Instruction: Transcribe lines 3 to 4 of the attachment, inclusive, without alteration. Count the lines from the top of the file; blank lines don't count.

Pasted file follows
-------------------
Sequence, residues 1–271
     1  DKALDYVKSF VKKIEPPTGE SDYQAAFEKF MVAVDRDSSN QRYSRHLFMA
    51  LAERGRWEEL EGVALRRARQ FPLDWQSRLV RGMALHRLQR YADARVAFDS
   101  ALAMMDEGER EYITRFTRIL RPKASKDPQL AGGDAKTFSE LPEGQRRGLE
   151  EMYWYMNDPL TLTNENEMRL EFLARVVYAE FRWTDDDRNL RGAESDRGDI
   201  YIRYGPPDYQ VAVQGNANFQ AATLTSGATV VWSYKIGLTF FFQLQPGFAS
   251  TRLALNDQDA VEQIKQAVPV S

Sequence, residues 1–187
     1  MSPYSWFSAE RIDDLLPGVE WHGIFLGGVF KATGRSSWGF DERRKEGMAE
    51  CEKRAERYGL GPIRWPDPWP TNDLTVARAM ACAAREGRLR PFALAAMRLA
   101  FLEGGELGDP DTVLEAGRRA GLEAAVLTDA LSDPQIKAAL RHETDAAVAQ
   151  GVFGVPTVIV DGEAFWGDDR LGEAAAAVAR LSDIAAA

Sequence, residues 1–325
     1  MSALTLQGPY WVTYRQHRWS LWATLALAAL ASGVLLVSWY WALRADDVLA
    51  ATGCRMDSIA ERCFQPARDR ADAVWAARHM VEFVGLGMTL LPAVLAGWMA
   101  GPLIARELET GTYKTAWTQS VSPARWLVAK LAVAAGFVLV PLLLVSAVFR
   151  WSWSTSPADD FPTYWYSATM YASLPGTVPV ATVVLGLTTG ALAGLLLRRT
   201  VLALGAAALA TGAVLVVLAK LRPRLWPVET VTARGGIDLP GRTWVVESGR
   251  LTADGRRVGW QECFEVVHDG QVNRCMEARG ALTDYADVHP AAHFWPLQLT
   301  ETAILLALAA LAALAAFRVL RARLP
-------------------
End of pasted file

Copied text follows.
    51  LAERGRWEEL EGVALRRARQ FPLDWQSRLV RGMALHRLQR YADARVAFDS
   101  ALAMMDEGER EYITRFTRIL RPKASKDPQL AGGDAKTFSE LPEGQRRGLE